"I felt bad because I couldn't wheelie; until I met a man with no bicycle"

  8. #8
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    Quote Originally Posted by PBike View Post
    I'm not sure what you mean about wool being a miracle fabric until absorbing a certain level of moisture.
    The "miracle fabric" reference was something I saw once and accepted the point. Wool can absorb a certain amount of moisture without feeling wet and while maintaining insulation. But given enough water it will feel wet and cold.

    But even the best wicking synthetics can get sopping wet on a humid day. I tend to overdress a littlle, or a lot, when it's cold and can be sopping wet when I get home. I've been doing better recently, perhaps because I have been including merino base layers. I also have synthetic jerseys to wear over or under the wool layers. A layer or two of merino base with a jersey on top has been working well. Often wear a windbreaker (under the jersey to prevent excess flapping). Trying to get some feedback as to which will be more comfortable. I've always been able to keep warm until I get inside to change clothes, so it hasn't been a critical issue.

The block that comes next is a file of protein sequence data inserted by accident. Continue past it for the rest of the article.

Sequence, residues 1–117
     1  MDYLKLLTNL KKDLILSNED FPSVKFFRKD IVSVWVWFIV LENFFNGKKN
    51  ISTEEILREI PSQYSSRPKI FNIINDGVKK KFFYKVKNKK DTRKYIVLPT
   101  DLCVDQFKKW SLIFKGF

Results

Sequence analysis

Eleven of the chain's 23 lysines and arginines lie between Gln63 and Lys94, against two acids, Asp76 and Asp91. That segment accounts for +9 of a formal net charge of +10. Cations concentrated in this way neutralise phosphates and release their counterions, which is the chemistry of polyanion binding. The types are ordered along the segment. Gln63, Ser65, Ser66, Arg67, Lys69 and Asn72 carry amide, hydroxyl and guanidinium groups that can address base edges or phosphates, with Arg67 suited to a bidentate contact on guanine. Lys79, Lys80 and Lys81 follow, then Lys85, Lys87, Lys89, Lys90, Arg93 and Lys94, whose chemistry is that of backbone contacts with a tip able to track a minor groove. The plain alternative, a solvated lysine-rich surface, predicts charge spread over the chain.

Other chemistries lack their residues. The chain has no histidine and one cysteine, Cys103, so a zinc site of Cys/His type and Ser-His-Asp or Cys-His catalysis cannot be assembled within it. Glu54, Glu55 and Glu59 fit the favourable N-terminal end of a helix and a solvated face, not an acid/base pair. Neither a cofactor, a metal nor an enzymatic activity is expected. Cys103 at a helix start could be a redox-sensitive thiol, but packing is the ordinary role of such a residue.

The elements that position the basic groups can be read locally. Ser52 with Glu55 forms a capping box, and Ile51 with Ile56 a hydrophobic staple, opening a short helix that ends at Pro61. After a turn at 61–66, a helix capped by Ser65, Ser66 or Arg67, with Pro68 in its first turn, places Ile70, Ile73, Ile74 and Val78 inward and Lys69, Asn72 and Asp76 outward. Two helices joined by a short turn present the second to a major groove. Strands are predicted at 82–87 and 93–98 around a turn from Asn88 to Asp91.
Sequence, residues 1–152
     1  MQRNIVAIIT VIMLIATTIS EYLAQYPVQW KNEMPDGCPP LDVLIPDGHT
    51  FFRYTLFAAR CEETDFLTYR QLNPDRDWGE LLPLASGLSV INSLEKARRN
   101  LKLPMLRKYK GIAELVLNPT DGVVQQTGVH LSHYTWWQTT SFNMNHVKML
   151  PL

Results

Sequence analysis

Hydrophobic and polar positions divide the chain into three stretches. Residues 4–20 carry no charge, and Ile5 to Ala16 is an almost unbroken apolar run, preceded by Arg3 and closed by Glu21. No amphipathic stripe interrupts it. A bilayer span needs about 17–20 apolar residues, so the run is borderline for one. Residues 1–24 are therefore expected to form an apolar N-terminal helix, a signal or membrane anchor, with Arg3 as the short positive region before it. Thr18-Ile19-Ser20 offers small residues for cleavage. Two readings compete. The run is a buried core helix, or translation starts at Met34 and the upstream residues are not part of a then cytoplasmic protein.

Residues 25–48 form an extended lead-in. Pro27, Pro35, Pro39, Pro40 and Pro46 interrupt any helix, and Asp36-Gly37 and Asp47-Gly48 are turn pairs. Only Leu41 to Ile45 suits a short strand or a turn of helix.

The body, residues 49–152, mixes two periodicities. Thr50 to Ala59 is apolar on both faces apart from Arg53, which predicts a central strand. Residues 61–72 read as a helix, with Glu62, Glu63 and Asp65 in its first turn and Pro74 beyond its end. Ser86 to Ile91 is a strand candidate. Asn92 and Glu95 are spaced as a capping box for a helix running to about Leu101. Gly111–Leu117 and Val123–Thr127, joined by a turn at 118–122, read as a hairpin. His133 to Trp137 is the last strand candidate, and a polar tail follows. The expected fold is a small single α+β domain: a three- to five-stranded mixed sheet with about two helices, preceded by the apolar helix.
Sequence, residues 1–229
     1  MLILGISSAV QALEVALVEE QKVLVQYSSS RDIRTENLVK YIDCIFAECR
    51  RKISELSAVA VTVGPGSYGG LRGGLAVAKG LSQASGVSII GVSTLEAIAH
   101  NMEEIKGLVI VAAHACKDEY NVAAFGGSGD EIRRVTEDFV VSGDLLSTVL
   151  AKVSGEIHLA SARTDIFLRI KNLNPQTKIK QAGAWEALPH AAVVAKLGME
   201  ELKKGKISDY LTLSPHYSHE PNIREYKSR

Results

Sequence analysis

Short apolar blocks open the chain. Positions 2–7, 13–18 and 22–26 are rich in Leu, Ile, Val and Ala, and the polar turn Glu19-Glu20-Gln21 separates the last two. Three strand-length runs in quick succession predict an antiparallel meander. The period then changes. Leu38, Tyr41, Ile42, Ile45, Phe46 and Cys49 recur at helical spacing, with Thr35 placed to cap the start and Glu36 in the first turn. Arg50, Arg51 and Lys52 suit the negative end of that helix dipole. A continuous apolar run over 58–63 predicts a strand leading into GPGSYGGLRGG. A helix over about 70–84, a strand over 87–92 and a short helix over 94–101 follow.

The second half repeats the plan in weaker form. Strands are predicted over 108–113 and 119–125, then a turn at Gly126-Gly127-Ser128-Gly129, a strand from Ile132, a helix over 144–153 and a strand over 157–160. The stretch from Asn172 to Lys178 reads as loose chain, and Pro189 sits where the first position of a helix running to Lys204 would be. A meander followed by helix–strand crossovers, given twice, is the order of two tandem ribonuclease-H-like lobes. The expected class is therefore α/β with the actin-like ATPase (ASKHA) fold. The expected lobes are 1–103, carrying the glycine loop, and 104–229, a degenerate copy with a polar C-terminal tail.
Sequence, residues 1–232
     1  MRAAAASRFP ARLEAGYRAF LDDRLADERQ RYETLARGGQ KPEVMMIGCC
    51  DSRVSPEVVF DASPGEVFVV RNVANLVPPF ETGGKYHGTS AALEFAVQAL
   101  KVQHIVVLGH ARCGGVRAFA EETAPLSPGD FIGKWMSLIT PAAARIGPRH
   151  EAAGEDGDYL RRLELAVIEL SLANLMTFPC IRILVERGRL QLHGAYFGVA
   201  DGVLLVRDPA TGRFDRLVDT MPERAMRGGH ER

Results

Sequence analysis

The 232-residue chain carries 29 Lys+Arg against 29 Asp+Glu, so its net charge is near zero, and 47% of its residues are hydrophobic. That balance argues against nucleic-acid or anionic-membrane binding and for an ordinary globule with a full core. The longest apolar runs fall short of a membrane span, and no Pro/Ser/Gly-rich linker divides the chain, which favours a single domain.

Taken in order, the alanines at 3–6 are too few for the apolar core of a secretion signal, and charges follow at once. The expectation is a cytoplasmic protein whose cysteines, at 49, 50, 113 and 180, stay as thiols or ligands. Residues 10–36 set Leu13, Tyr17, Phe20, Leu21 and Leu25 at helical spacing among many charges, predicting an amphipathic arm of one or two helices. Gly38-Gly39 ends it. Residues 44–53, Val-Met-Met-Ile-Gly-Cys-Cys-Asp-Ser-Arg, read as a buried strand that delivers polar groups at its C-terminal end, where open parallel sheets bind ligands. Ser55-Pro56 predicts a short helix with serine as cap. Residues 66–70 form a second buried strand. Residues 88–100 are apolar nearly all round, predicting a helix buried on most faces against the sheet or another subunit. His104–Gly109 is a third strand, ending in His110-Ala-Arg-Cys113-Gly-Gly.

FWIW, I'll check thrift shops for thin merino sweaters. Cheap, I don't find them irritating, and work well inside a windbreaker.

  9. #9
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    Quote Originally Posted by rdtindsm View Post
    ........ I tend to overdress a littlle, or a lot, when it's cold and can be sopping wet when I get home. I've been doing better recently, perhaps because I have been including merino base layers. .......... Often wear a windbreaker (under the jersey to prevent excess flapping). Trying to get some feedback as to which will be more comfortable. I've always been able to keep warm until I get inside to change clothes, so it hasn't been a critical issue.